Eva Longoria has become the focus of a little cultural storm in Morocco. Nothing too grand, but enough to get the commentators and the glitterati chattering. Our own QOG (Queen of Gossip), Felicity Chambers-Beauchamp couldn't resist the story, so here is her report:
If you are a fan of Desperate Housewives ( and, my dears, I am certainly not suggesting you might be), then Eva Jacqueline Longoria Parker who plays the part of Gabrielle Solis, will be familiar to you. Eva Longoria has always a bit of a headline grabber. She has graced the cover of Vogue and , more recently, in all the US gossip rags, following a small car accident. She even went down the path to perfume. One wonders how big a Desperate Housewives fan you would have to be to want to buy her perfume (described by most as "forgettable).
Anyway, all that pales into insignificance compared to the war being waged over her image on real estate billboards here in Marrakech. Talk about cultural shock. Call me old-fashioned, call me a prude, or (as I like to think) call me "culturally sensitive". But the sight of billboards with Eva's visage displayed came as a bit of a shock. Not that she might not be called attractive, by some. No, it was not the face. It was the cleavage! Oh dear! I can hear you tut-tutting and pointing out that the poor girl really doesn't have much in that department. Well, maybe it's a photo-fix jobby, or the light was just right, or the angle, but it sure looked like cleavage to me.
So what's wrong with a bit of cleavage? Ah, it is all about context. In a gloriously written article on Moroccoboard, that great girl, Nora Fitzgerald, sets the context wonderfully...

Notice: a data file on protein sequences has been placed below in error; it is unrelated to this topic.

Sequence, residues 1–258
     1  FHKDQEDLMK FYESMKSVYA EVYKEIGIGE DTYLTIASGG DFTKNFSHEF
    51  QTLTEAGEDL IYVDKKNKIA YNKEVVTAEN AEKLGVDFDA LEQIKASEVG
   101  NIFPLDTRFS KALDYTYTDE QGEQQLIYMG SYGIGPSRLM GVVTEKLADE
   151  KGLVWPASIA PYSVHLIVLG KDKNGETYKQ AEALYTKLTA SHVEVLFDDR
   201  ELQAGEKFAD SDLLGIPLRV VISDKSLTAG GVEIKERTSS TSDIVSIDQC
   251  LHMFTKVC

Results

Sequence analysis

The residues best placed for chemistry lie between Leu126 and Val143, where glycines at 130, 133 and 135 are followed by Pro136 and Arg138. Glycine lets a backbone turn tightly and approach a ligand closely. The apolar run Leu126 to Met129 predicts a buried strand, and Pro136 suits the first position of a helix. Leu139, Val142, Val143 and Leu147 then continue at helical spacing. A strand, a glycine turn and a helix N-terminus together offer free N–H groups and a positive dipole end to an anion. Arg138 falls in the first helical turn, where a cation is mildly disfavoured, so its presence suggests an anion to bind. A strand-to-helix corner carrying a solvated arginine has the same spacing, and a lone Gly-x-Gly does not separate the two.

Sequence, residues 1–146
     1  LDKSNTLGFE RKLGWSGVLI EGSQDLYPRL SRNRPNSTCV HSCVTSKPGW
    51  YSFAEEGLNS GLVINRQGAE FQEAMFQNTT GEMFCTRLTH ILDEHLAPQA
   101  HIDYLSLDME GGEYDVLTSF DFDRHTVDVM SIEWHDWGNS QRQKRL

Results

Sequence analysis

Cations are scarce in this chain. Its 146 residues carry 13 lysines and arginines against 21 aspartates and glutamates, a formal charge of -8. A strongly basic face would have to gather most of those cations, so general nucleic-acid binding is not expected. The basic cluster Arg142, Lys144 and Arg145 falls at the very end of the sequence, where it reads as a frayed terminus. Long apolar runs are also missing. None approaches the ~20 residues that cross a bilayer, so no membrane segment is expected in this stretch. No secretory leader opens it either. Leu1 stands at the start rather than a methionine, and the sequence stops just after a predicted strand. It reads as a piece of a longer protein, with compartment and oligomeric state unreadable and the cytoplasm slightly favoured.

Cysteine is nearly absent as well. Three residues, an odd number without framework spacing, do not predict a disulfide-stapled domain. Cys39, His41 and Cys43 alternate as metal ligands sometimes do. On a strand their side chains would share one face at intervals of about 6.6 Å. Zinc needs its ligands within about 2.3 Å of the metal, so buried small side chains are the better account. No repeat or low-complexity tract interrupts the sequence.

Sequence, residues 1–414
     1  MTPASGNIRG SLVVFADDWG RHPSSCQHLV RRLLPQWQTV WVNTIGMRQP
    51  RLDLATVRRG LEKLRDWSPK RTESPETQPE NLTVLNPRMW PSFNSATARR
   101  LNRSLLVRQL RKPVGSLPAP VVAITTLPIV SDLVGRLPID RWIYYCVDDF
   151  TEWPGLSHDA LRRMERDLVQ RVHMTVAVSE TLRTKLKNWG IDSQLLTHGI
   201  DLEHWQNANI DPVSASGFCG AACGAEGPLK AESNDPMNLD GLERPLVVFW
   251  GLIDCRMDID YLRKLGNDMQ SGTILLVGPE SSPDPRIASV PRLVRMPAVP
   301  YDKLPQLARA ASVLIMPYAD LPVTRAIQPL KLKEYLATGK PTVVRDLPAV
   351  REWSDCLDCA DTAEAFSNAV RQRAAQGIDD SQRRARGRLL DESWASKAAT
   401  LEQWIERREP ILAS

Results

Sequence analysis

Imagine you are driving through peaceful Amazigh country, passing mud villages, olive orchards, and farmers harvesting their year’s supply of wheat. Men and women’s voices rise through the sleepy sunlit air, singing traditional harvest songs, sheep roam in search of shreds of pasturage, an old man in a jellaba rides by on a donkey. Nothing could mar this bucolic serenity.
Then, all of a sudden, why it’s Giant Eva Longoria.
Go Nora! What we are dealing with here is a lack of suitable photoshopping. If the art director had thought about it he might have considered that in Berber culture some body parts are considered to be private. He might have considering buttoning Ms Longoria up, or adding a scarf! But no. From Marrakech to Casablanca and beyond the cleavage is on display. For what? To sell real estate! I swear it's true. Condos! "Votre Appartement"!
The crafty locals are not taking this calmly. In fact a group of folks with black spray-cans are on the job. Not very artistically, it might be said, but certainly effective.
We are sure to hear more of this, but in the meantime do read the divine Nora's piece. You will find it here: Moroccoboard
As Nora was always brighter than me, I'll leave you with some of her wise words.
It’s the juxtaposition of two completely different realities that is so unsettling. On the one hand, we have this world of image and fantasy, of unimaginable riches and luxuries, of ersatz culture that attempts to package and commodify the Moroccan experience with no soul whatsoever. All of it a vacuous Orientalist version of a Morocco pandering to the every whim of the upper crust. A vision of Morocco that would not hesitate, for example, to introduce alcohol to a valley that has been dry forever, with no thought given to how it might destroy the lives of the locals.
On the other hand, we have the traditional lives of the Moroccan Berbers. Berber families that are still connected to the natural cycles in the most primordial of ways. Whose actions and intentions stem from a deep faith in God, enjoying the contentment that ensues. Whose meals are bread from their own land, olive oil from their own trees, served in clay dishes from the Ourika river, sitting on rag rugs they’ve made with their own hands from scraps of old clothes. There is nothing more real, beautiful, spiritual, sustainable. They, and all the traditional peoples of the world, are the original “organic, local and slow” ways that we crave and long to return to.